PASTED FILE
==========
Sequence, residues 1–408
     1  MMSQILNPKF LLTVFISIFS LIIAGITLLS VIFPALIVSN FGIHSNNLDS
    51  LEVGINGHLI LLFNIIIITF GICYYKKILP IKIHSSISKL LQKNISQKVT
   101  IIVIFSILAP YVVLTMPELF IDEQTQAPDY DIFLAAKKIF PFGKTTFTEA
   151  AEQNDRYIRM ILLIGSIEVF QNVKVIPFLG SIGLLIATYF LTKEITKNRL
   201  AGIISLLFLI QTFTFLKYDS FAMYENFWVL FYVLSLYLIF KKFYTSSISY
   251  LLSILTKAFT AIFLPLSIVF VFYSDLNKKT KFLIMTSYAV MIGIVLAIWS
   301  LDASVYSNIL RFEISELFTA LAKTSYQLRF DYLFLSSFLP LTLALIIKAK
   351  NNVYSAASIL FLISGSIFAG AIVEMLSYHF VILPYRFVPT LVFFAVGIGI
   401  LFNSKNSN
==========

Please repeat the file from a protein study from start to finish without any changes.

Sequence, residues 1–408
     1  MMSQILNPKF LLTVFISIFS LIIAGITLLS VIFPALIVSN FGIHSNNLDS
    51  LEVGINGHLI LLFNIIIITF GICYYKKILP IKIHSSISKL LQKNISQKVT
   101  IIVIFSILAP YVVLTMPELF IDEQTQAPDY DIFLAAKKIF PFGKTTFTEA
   151  AEQNDRYIRM ILLIGSIEVF QNVKVIPFLG SIGLLIATYF LTKEITKNRL
   201  AGIISLLFLI QTFTFLKYDS FAMYENFWVL FYVLSLYLIF KKFYTSSISY
   251  LLSILTKAFT AIFLPLSIVF VFYSDLNKKT KFLIMTSYAV MIGIVLAIWS
   301  LDASVYSNIL RFEISELFTA LAKTSYQLRF DYLFLSSFLP LTLALIIKAK
   351  NNVYSAASIL FLISGSIFAG AIVEMLSYHF VILPYRFVPT LVFFAVGIGI
   401  LFNSKNSN